Projected demographics indicate that around 2010 the % of people over 40 will be pretty big. This should lower the % of criminals because criminals tend to commit less and less crime after age 30. But, since the population is growing, the number of criminals may still be rising. 2010 is just too far out for me to get a good handle on.

      • 2 Replies to oystergrouch
      • The prediction is that marijuana and quite possibly cocaine will be regulated in the very near future.
        Hundreds of thousands of prisoners jailed for marijuana will be set free because, basically, marijuana doesn't impair mobility or the ability to hold a job. The same can be said for cocaine.
        The only way Mexico and Columbia can escape corruption is to get rid of their drug problem. Up until now, they followed U.S. lead, but now they refuse to go on. President Vincente Fox of Mexico said upon taking office that now it is time for the U.S. to own up to its demand problem. Drug use is not a supply problem. Everyone knows this now except people who own stocks in private prisons.
        Private prisons mostly contain nonviolent convicts. Nonviolent convicts are primarily illegal drug users and sellers.
        So, I bring you bad news.

      • Wow! That was a lot of info to chew on, but very interesting and worth reading. Where I (and maybe you, too) differ with some of the so-called "analysis" of this topic (i.e., New York Times and other media outlets), is that I believe that prisons have had a positive impact on the crime rate. And, you're also correct in that a very small percentage of people (perhaps as few as 7 percent of all males) are responsible for between half and 2/3 of all violent crime. If these people are locked up in prison, they can't bother you and me.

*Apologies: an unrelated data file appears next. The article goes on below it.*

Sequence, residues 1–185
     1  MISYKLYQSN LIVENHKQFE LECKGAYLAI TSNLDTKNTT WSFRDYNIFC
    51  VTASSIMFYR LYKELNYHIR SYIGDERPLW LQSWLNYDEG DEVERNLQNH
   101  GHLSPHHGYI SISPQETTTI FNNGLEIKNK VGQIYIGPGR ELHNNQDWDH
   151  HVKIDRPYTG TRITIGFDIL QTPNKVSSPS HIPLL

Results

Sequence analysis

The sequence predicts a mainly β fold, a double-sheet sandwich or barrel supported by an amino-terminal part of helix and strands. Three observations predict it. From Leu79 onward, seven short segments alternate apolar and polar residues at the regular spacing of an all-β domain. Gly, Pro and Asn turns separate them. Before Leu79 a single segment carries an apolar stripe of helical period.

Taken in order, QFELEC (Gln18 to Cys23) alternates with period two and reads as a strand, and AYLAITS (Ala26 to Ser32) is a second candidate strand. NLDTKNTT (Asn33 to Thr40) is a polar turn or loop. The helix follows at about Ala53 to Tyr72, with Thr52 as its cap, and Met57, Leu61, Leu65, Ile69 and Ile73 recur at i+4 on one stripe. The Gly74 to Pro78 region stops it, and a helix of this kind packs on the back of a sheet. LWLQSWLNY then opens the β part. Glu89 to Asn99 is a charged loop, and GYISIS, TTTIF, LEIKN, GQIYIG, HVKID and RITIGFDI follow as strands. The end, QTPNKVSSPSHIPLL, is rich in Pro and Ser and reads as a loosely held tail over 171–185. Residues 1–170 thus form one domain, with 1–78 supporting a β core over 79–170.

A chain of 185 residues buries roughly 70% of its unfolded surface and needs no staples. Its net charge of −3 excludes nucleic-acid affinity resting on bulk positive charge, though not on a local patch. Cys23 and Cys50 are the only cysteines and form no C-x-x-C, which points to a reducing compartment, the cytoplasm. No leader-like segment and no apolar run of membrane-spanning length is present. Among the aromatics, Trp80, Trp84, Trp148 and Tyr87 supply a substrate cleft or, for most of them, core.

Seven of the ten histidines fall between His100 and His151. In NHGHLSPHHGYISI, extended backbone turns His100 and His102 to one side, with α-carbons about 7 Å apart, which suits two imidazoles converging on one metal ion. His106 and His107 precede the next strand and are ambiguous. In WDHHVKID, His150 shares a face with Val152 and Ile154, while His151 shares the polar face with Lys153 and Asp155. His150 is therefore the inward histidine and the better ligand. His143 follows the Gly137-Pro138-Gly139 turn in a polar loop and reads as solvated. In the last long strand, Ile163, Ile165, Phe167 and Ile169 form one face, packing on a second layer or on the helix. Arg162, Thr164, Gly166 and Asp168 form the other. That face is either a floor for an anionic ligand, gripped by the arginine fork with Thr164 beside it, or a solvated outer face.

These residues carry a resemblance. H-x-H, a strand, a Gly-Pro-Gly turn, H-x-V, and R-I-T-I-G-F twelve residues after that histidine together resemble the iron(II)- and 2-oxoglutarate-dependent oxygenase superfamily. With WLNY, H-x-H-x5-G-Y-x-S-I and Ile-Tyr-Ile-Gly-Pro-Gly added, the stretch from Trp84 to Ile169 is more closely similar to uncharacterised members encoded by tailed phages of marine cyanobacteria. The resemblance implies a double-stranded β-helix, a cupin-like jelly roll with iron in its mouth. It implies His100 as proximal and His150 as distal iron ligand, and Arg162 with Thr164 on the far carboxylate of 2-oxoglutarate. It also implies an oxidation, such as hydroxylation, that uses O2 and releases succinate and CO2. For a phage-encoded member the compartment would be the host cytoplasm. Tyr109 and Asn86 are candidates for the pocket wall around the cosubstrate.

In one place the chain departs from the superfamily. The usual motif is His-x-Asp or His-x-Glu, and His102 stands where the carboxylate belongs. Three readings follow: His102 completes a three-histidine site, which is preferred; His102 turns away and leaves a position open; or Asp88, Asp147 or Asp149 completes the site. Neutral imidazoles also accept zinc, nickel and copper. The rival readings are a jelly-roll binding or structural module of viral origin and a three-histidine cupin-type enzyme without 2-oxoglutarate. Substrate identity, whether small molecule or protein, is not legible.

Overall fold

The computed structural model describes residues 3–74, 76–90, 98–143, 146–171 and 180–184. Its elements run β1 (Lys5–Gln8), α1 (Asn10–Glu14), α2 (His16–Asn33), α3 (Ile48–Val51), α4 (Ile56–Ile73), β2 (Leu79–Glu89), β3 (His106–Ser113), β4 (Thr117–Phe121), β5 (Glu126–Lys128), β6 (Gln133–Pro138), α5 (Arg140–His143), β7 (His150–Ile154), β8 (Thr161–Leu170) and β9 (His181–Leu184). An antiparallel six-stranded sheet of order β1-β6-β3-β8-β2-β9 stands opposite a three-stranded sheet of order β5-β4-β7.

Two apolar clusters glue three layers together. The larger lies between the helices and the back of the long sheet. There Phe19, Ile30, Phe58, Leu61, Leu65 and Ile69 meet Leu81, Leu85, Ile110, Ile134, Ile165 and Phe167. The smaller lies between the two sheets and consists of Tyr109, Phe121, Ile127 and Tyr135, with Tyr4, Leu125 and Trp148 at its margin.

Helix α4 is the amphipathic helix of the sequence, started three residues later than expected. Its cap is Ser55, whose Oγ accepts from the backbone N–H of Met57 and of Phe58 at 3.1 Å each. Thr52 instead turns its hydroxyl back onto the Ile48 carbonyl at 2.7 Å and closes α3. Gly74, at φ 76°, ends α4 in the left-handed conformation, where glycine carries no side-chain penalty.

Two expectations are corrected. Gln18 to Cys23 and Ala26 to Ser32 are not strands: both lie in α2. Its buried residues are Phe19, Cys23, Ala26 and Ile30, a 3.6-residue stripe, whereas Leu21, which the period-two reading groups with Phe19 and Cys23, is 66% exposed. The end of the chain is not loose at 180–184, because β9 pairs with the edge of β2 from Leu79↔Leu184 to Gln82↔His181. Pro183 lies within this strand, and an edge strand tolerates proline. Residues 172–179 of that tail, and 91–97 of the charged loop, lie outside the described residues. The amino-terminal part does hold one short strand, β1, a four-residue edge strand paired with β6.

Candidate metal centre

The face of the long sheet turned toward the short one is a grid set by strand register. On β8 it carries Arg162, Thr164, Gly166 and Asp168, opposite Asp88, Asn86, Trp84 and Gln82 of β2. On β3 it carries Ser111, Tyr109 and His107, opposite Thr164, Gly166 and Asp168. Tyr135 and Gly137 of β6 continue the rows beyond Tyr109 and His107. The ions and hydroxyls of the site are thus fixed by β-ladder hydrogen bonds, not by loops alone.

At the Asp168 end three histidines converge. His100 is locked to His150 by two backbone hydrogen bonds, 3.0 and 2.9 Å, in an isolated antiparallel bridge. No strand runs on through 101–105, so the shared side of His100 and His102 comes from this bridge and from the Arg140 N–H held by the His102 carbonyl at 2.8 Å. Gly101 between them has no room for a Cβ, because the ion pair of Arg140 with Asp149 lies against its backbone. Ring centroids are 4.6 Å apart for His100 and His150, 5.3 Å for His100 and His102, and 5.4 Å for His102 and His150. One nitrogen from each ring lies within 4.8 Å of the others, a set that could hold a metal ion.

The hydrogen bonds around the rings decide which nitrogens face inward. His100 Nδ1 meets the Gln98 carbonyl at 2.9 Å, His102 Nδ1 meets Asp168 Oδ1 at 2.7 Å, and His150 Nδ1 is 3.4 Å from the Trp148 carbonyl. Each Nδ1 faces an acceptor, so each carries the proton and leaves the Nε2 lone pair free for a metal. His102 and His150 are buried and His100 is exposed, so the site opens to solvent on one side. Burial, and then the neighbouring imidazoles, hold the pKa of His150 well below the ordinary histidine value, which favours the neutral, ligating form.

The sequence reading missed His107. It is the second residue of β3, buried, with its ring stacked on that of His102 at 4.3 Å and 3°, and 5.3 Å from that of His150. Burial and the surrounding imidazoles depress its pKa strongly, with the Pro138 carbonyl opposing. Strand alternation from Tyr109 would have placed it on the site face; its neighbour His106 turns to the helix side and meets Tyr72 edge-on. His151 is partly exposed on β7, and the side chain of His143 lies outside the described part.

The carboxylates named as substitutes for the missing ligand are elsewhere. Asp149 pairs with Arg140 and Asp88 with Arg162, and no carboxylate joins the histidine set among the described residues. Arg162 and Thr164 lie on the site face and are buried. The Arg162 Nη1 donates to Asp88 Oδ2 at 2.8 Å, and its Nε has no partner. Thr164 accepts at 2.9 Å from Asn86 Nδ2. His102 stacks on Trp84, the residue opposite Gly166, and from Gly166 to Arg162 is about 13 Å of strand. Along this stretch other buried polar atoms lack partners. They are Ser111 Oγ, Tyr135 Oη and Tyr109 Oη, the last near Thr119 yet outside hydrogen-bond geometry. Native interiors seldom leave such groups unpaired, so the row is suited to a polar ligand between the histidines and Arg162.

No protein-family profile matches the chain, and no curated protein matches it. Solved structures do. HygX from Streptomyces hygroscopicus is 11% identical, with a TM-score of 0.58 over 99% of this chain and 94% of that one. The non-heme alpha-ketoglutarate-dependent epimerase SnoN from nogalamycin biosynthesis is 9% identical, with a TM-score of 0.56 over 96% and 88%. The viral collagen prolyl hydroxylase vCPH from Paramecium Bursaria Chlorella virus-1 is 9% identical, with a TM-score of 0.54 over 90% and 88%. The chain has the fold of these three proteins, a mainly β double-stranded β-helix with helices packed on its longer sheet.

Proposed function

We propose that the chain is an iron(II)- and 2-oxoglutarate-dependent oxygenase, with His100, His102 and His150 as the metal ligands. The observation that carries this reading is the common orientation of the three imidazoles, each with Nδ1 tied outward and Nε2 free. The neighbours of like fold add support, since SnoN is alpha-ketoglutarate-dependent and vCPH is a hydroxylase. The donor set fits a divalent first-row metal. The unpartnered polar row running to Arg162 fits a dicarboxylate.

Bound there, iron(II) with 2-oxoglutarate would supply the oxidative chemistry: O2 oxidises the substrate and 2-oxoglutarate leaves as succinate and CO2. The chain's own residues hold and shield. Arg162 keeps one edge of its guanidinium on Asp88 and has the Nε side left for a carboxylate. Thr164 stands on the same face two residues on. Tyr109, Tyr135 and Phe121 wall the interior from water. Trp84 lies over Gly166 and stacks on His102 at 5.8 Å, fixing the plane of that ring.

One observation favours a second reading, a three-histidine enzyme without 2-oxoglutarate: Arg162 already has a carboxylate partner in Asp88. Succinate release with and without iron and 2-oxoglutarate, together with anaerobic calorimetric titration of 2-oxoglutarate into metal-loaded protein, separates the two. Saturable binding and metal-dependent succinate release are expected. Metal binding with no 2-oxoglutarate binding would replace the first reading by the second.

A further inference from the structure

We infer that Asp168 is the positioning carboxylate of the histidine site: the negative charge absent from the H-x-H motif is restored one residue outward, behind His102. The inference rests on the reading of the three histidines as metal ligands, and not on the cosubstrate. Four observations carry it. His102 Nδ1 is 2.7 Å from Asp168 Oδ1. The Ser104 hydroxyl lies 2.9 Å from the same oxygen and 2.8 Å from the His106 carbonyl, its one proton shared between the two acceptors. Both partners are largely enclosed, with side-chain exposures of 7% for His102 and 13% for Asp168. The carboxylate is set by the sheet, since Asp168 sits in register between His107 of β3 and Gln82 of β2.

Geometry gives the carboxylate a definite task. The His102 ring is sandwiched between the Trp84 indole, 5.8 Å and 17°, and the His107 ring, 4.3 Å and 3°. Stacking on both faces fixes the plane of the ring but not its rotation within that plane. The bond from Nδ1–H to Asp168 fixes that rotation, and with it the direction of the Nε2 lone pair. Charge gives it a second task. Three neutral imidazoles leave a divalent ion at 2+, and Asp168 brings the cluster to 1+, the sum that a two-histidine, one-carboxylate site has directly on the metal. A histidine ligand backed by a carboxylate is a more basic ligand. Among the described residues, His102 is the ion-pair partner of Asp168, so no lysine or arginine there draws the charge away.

Where I think people (like the NY Times) get it wrong is that they come to the debate believing that most of the people in prison are there for non-violent, first time drug offenses. The data for this can be confusing since there are some very violent people who are in prison because of plea bargains related to drug offenses (i.e., the offense for which they were convicted is much tamer than what they were originally arrested for). But some data I've seen indicate that less than 10 percent of more than 1 million people in state prisons are in merely for drug possession, and the federal rate is even lower - 2.2 percent of all federal criminals are there solely for possession (trafficking is of course higher, but still lot lower than violent crimes).

    • princessalouie, you beat the General to this mb with your subject matter.

      What is the expression about "'great minds' running in similar channels."?

      Actually, the General had intended to post his TAke on the subject yesterday, after the close, and had gone through almost all of the stats gathering and the attendant calcs when he decided to hold off till today. Other matters have required his attention but he hopes to address your topic later today.

      One thing he will say (it's called a "tease"), his opinion views this recent "price" situation a little differently.

      Film @ '11.'